Their late game decision making and shot calling turned messy. Most games you’d see them go to Baron without a clear idea of what they wanted to do. Were they baiting? Are they going to burst down the Baron or will they turn to fight? Amidst all the confusion, Flyquest usually ended up throwing around that objective.
FlyQuest’s playoffs dreams were becoming harder and harder to achieve as the season progressed. After two hard fought matches in their last week of play, they barely qualified as the fifth place team by taking down both Echo Fox and Team Liquid. They would battle against Counter Logic Gaming in the quarterfinals for a spot in the semis and a guaranteed ticket to Vancouver.
The quarterfinals were an uphill battle for FlyQuest. Choi HuHi Jae-hyun, CLG’s mid laner, got his hands on his trademark champion, Aurelion Sol, and dominated the Rift in game 1. Aurelion Sol was banned for the rest of the series but CLG still had tricks up their sleeves. In game 2, Darshan Upadhyaya, CLG’s top laner, pulled out the Mundo pick as a counter to Balls’ Rumble. Let’s just say Balls didn’t enjoy that game. HuHi showed up big this time on Ahri, assassinating FlyQuest’s members multiple times. CLG’s bot lane played exceptionally well, setting up play with Ashe’s Enchanted Crystal Arrow [R] and Nami’s Aqua Prison [Q]. The 3-0 sweep was a game away for Counter Logic Gaming.
For what could have been the final game, FlyQuest switched up the Pick and Ban phase. Hai secured Talon and Moon was able to pick Rengar. This time around Balls played a much cleaner Rumble, landing his ultimate on multiple members of the enemy team throughout the whole game. With two assassins in their composition, FLY acquired early leads and snowballed to victory.
The next game was a repeat of the previous. Moon was on Rengar again. He got extremely fed and was put in a position to carry. Hai also did his fair share of damage on Orianna and Johnny Altec Ru, FLY’s AD Carry, landed some crucial Ashe ultimates. The series was tied 2-2. Game 5 would determine whether Flyquest had what it takes to be a top 4 team in the NA LCS.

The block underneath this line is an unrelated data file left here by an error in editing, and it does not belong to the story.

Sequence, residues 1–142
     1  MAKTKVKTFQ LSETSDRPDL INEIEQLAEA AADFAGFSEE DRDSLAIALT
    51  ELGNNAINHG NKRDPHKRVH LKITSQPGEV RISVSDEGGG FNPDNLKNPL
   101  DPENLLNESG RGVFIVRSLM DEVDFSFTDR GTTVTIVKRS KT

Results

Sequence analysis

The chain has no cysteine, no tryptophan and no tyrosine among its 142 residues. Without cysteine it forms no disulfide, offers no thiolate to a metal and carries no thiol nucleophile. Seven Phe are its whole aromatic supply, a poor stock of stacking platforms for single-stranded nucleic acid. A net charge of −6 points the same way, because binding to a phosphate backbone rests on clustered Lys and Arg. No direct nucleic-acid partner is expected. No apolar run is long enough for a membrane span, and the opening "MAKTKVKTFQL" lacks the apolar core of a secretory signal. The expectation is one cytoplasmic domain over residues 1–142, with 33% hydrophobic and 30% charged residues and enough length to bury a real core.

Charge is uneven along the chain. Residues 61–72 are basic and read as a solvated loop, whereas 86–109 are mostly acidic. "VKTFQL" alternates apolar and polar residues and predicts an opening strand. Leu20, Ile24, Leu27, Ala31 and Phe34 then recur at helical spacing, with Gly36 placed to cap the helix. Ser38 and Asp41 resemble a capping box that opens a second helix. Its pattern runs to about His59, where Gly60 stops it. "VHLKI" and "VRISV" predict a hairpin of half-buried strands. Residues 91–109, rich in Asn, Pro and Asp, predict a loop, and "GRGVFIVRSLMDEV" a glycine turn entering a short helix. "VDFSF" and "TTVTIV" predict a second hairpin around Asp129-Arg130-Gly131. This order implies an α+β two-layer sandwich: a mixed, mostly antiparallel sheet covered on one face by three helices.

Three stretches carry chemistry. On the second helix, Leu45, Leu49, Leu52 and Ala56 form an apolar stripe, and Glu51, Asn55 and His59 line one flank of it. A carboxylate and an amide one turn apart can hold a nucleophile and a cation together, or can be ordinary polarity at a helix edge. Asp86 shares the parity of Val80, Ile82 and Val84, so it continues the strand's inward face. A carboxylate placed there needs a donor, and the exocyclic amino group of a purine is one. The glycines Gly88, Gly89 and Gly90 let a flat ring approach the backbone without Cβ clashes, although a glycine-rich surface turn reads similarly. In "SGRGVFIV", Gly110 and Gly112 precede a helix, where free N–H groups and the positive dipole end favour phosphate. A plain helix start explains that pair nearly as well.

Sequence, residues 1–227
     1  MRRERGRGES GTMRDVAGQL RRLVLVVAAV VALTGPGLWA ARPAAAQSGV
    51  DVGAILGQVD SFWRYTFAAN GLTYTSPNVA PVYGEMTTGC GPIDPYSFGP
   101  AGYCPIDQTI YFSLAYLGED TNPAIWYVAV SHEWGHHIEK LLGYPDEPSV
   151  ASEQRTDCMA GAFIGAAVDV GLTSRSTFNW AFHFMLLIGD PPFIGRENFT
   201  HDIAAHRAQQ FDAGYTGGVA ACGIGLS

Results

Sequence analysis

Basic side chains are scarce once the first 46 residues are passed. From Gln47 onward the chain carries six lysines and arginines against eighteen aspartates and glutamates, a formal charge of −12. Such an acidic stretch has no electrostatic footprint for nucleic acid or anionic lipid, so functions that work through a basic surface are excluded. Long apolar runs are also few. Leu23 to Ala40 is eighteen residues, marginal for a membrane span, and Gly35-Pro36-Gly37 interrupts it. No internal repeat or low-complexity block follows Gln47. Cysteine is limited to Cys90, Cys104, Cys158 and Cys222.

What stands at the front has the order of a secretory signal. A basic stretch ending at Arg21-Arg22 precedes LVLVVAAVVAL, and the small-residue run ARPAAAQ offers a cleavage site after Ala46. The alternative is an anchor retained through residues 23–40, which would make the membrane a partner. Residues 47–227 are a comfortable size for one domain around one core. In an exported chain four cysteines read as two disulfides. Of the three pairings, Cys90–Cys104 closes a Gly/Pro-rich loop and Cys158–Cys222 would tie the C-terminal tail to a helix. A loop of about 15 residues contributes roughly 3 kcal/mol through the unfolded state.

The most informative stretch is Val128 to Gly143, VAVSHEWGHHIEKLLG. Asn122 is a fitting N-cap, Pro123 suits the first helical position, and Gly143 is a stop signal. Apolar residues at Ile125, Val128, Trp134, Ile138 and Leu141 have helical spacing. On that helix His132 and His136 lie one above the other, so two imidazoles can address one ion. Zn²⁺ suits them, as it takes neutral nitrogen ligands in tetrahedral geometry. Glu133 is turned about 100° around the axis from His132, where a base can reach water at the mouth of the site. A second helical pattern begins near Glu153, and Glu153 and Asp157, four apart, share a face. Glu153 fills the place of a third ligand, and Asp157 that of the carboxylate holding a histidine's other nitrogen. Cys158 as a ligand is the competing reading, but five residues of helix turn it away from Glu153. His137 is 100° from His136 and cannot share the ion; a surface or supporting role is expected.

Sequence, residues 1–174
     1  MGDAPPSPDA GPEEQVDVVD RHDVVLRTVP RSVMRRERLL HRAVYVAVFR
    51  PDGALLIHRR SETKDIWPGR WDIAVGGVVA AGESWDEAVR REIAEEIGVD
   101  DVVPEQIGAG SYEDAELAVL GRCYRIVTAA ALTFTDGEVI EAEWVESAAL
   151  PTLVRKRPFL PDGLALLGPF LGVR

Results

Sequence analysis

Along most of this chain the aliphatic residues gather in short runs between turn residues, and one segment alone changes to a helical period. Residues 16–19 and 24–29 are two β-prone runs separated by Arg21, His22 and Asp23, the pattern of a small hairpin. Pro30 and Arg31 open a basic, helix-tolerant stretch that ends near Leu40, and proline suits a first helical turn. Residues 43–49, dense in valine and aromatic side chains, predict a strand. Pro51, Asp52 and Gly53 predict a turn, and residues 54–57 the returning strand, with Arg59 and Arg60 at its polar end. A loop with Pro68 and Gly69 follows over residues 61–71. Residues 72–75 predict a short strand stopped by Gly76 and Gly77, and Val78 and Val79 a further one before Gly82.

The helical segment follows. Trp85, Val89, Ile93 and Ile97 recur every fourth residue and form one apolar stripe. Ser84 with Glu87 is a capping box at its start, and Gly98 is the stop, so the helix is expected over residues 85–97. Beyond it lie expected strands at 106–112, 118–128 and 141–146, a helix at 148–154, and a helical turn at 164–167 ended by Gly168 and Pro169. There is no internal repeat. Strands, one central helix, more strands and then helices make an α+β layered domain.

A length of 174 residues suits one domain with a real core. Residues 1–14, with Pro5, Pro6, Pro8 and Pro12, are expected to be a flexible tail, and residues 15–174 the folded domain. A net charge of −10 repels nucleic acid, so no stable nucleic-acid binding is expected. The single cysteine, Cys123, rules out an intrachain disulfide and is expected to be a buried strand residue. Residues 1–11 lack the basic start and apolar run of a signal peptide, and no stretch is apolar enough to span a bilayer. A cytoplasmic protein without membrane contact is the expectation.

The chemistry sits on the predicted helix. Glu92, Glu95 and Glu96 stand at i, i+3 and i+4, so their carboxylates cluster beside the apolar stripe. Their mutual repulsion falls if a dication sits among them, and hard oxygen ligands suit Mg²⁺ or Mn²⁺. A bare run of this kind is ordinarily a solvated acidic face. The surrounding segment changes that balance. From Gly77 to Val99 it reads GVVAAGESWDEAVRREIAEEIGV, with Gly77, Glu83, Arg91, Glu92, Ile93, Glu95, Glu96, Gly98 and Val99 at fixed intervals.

Rengar was finally banned after winning the last four games. FlyQuest prioritized picking their bot lane of Karma/Ashe over securing Camille. CLG took Camille and later locked in Kalista, a marksman that is more difficult to execute than the rest. HuHi, after not finding any success on Syndra, opted to take Ekko, a more mobile AP assassin. Moon selected Evelynn as his jungler of choice, a risky pocket pick. Talon was again in Hai’s hands as a comfort pick. It was do or die time for both squads.
The early game was grueling. They were trading blow for blow, kill for kill. Skirmishes would have the players drop to miniscule amounts of health but nobody would die. CLG sealed their fate when Darshan committed to a fight with no back up. FlyQuest would then turn to take the Baron and later the Elder Drake. CLG was desperate as their members would try to make hero plays to save the game to no avail. FlyQuest emerged victorious after the final showdown at Elder and took the series in a reverse sweep.
FlyQuest showed that even under huge amounts of pressure they can adapt and keep morale high. Hai and the rest of the ex-C9 members truly do specialize in reverse sweeping. With that victory the squad moves onto the semifinals to face TSM and guarantee an appearance in Vancouver.